Endgames Statistical Question

Odds and odds ratios

BMJ 2013; 347 doi: https://doi.org/10.1136/bmj.f5067 (Published 16 August 2013) Cite this as: BMJ 2013;347:f5067
  1. Philip Sedgwick, reader in medical statistics and medical education
  1. 1Centre for Medical and Healthcare Education, St George’s, University of London, London, UK
  1. p.sedgwick{at}sgul.ac.uk

Researchers evaluated the efficacy of intravitreous injections of bevacizumab for the treatment of neovascular age related macular degeneration. A prospective, double blind, multicentre, randomised controlled trial study design was used. The intervention was intravitreous bevacizumab 1.25 mg, given as three loading injections at six week intervals and followed by further treatment if needed (again at six week intervals). The control was standard treatment—photodynamic therapy, intravitreal injections of pegaptanib, or intravitreal injections of placebo. Study participants were 131 patients (mean age 81 years) with wet age related macular degeneration.1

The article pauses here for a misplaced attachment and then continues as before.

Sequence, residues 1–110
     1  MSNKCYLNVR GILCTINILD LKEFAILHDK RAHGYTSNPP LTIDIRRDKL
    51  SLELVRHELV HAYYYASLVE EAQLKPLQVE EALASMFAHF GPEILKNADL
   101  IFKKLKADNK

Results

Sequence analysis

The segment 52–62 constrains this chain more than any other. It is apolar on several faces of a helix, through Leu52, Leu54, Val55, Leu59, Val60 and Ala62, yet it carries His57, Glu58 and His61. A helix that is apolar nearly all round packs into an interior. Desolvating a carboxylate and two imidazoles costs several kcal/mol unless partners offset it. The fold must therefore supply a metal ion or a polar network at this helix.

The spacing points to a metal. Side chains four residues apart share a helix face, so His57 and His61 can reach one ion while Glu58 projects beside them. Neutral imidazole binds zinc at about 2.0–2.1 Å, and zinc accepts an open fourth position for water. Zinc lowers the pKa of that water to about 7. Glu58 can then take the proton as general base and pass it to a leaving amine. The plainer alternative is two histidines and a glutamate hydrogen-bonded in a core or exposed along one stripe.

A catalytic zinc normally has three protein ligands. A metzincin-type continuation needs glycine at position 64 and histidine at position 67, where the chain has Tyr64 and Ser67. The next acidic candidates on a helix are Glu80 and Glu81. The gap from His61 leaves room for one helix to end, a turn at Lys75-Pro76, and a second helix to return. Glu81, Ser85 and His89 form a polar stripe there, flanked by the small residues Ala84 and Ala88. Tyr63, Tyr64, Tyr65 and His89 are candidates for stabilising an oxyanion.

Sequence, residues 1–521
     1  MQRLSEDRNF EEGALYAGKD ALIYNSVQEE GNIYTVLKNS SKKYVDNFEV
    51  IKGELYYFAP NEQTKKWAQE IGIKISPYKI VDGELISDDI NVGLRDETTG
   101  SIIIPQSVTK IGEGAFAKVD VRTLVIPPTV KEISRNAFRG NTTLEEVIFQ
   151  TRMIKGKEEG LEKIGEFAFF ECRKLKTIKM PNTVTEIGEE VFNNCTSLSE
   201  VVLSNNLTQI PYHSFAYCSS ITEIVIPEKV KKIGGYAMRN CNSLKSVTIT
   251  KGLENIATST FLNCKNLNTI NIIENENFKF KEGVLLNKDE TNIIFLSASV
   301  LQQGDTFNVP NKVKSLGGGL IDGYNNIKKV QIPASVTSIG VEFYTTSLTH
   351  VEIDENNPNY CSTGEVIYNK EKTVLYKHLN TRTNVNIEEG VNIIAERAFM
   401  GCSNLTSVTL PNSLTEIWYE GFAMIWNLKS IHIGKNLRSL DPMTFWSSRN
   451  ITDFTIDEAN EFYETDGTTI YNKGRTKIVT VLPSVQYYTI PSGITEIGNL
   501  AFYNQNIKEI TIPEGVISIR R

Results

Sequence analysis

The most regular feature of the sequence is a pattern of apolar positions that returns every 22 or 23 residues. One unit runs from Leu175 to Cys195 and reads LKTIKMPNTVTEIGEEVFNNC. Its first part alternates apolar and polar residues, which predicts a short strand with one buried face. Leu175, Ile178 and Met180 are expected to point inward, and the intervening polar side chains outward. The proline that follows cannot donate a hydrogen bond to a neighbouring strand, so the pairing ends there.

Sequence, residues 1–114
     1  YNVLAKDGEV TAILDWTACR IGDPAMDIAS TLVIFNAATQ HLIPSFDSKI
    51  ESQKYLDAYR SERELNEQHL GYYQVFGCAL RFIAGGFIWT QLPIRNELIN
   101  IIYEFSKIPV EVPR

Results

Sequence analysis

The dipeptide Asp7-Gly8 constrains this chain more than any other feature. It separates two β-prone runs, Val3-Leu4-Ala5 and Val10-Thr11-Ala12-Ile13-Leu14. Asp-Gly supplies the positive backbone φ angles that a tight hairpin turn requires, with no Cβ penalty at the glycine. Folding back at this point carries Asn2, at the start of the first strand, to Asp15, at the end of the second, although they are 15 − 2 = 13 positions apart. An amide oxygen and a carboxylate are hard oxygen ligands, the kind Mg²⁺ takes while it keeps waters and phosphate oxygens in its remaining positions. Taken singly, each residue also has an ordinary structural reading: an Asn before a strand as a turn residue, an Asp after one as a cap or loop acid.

The primary outcome measure was a gain of 15 letters or more of visual acuity at one year from baseline assessed with an ETDRS (Early Treatment Diabetic Retinopathy Study) visual acuity chart. Of 65 participants allocated to the intervention, 21 (32%) gained 15 letters or more of visual acuity from baseline compared with two (3%) of the control group (n=66). The odds of a gain of 15 letters or more of visual acuity at one year were 21/44 for the intervention group and 2/64 for the control group. The unadjusted odds ratio for the primary outcome when comparing the intervention with the control was 15.3 (95% confidence interval 3.4 to 68.5). When adjusted for age, sex, and baseline visual acuity, the odds ratio for the primary outcome when comparing the treatments …

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